Economist: Recession And Bear Market Coming Unless Supply Chain Is Revived

Tech-sector holds a silver lining

Economist Tenpao Lee, Ph.D., professor emeritus at Niagara University, is predicting a recession and a bear market as a result of the pandemic and the war in Ukraine, both of which have disrupted the supply chain – unless a robust supply chain can be recovered. He does see a bright side, however, in the information technology sector that will help speed a recovery. “The war between Russia and Ukraine, and China’s zero pandemic lock down policies, will all affect negatively on the supply side of the global economy,” said Dr. Lee. “These negative impacts will appear gradually to further inflation and recession.”

Dr. Lee says historically, only the energy crisis of 1973/74 is comparable to the current “economic doom” we’re experiencing. At that time, he recalls, the stock market declined about 50% in two years and it took about seven years (until 1980 for recovery to occur).

“The economy is dynamic. There are so many factors will shape the economic future and nobody can predict accurately about the future,” said Dr. Lee. “However, the information technology sector will speed up the recovery once the pandemic and the Russian-Ukraine war are over.”

An Historic Perspective

According to Dr. Lee, from economic point of view, civilization began with trade – with supply (sellers) and demand (buyers). Trading has made it possible to have lower prices based on geographic specializations, massive production, and economies of scale. In the last 40, the global economy with tremendous international trades has materialized significant trade benefits reflected in overall GDP measurements. All of this has resulted in a robust economy, particularly for the U.S.

The economy is dynamic. There are so many factors will shape the economic future and nobody can predict accurately about the future...

“To ensure a smoothy economy, the U.S. implemented monetary and fiscal policies, such as quantitative easing (QEs) and stimulus packages to affect aggregate demand and enhance infrastructure, including human capital to affect aggregate supply,” he said. “As a result, both aggregate demand and aggregate supply increased and the economy became bigger and bigger. With fluctuations, we observed lower inflation (around 2%), a lower unemployment rate (around 4%, booming stock markets, and higher GDP growth.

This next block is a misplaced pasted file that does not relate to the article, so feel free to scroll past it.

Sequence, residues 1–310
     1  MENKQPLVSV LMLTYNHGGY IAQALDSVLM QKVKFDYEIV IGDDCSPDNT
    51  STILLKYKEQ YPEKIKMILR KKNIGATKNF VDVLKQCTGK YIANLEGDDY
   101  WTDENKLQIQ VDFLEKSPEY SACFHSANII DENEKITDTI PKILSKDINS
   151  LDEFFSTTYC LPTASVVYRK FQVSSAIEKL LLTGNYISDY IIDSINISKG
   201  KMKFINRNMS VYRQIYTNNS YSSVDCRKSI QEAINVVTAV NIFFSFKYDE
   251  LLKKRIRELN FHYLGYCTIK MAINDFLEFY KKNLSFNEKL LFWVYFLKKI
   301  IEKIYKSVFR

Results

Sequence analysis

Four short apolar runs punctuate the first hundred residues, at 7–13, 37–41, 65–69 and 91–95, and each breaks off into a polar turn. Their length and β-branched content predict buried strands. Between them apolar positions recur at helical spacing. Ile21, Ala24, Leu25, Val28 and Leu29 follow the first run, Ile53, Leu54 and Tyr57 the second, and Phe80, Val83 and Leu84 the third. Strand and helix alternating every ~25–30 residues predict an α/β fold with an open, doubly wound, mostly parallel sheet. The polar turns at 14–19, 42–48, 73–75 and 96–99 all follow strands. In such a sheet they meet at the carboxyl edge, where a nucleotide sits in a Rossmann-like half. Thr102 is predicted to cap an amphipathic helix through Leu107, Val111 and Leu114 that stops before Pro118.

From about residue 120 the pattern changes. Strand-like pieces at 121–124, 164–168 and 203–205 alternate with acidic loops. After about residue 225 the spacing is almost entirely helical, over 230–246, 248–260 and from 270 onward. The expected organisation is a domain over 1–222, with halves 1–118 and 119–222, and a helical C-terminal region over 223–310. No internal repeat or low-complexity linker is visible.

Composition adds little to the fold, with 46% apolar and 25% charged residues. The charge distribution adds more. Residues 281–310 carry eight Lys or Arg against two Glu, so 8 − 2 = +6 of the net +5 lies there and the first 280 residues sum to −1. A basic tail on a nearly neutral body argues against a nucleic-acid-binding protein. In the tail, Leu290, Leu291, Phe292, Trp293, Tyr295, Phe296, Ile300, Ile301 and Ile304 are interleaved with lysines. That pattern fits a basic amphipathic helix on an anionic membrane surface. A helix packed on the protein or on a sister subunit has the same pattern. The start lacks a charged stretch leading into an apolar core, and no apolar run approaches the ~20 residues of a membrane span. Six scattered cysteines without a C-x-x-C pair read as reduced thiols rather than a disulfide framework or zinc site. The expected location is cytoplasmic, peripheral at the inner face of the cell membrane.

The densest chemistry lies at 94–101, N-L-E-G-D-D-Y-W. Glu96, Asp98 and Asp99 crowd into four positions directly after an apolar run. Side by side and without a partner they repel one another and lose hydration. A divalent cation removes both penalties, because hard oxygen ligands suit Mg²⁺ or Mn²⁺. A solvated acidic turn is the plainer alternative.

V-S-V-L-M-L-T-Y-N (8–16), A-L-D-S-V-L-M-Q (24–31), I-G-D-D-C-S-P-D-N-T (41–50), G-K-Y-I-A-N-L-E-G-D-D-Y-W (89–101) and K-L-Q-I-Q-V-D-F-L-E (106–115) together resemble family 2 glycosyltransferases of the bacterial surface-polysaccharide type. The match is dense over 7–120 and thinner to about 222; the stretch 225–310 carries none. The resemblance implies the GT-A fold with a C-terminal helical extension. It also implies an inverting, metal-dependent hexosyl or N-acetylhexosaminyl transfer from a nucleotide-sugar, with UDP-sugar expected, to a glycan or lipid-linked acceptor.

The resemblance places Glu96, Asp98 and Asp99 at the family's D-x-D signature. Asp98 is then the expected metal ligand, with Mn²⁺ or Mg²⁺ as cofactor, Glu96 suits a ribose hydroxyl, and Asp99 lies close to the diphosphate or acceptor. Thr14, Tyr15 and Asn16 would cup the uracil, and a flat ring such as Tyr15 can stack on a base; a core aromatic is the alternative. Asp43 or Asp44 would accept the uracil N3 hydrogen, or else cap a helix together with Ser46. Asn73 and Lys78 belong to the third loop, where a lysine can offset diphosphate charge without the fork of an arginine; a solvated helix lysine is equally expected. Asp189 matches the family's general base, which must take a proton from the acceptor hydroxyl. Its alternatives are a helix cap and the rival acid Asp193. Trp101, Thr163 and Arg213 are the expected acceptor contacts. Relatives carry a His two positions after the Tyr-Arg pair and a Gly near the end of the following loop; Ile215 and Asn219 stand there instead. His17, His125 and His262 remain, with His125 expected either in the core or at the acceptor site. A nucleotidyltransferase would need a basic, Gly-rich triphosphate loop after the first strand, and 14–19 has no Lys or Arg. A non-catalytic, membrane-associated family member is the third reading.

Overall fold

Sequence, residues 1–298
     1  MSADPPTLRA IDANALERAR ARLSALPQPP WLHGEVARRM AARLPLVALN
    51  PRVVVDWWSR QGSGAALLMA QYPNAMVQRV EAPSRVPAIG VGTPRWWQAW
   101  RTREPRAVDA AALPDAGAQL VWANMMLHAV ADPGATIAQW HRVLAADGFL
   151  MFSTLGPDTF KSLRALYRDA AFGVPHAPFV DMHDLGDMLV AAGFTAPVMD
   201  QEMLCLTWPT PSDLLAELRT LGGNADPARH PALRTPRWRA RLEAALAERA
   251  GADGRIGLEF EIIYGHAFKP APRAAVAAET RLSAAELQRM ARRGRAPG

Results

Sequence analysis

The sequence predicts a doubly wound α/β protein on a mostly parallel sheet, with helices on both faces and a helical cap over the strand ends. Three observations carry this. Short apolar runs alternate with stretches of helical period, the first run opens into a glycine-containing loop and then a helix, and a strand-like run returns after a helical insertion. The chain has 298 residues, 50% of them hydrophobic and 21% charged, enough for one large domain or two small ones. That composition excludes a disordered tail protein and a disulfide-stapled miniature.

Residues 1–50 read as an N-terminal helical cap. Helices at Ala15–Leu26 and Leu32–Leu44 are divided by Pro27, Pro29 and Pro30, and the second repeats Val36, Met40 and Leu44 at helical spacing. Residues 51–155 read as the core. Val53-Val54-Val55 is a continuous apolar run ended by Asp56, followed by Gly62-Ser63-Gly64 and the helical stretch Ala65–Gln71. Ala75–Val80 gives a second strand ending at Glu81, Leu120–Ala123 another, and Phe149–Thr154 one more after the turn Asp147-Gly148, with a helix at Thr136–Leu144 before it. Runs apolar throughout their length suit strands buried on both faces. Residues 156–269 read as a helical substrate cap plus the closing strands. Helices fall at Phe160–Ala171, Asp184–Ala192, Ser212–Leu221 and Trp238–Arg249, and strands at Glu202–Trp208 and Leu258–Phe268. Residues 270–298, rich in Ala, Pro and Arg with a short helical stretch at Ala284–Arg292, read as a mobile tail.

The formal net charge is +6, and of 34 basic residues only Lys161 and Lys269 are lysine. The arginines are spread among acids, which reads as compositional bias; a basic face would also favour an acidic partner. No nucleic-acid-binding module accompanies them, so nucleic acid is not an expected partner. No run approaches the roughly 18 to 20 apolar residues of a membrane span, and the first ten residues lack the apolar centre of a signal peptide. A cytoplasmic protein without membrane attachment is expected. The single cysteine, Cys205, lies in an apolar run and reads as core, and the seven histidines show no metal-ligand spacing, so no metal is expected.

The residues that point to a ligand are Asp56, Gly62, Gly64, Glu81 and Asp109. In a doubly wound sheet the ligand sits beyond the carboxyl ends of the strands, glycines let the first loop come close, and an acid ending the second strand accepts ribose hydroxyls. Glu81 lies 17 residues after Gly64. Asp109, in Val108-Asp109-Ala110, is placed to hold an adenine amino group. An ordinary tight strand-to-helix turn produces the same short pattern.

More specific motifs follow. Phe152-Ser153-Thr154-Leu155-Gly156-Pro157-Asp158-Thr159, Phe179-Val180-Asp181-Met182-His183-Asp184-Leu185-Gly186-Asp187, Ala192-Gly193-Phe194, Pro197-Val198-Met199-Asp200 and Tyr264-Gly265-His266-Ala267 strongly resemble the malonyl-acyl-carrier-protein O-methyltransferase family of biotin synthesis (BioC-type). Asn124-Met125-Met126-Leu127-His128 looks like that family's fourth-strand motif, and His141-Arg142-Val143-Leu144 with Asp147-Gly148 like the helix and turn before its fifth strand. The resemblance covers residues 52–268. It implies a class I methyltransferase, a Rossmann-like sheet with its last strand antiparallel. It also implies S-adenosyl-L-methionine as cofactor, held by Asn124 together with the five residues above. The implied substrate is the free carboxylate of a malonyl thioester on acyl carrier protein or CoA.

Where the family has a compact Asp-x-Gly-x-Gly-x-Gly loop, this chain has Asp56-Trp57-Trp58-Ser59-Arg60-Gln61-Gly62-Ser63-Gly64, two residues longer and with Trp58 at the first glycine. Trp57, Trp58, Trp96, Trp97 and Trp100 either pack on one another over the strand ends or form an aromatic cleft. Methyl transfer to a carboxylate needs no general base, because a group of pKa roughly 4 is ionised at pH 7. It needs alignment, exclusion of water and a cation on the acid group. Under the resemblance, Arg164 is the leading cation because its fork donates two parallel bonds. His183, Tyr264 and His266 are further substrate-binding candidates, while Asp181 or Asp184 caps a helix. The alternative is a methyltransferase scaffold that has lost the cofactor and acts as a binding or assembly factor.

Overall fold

Needed: Higher Trade

Dr. Lee says we need higher trade to generate positive economic outcomes of lower inflation, lower unemployment, economic growth, and bull stock markets. “If a higher trade rate doesn’t resume, we will end up with higher inflation, higher unemployment, recession, and bear stock markets,” Dr. Lee said. “We must end the disruption in the supply chain to stave off lower trade levels and higher prices (inflation), which would lead to recession and bear stock markets.”

Dr. Lee states that the pandemic, beginning in early 2020 has changed everything, including both the supply and demand sides of the economy. Before the pandemic, the supply side grew relatively faster than the demand side. “We had economic growth with limited inflation, even with three rounds of QEs. Moreover, we had lower unemployment and booming stock markets. “However, with the ongoing pandemic, the supply side declined more than that of the demand side, even with Fed’s tapering policies. As a result, the economy is shrinking with higher prices (inflation), i.e., stagflation. Consequently, we are likely to have a recession and bear stock markets soon.”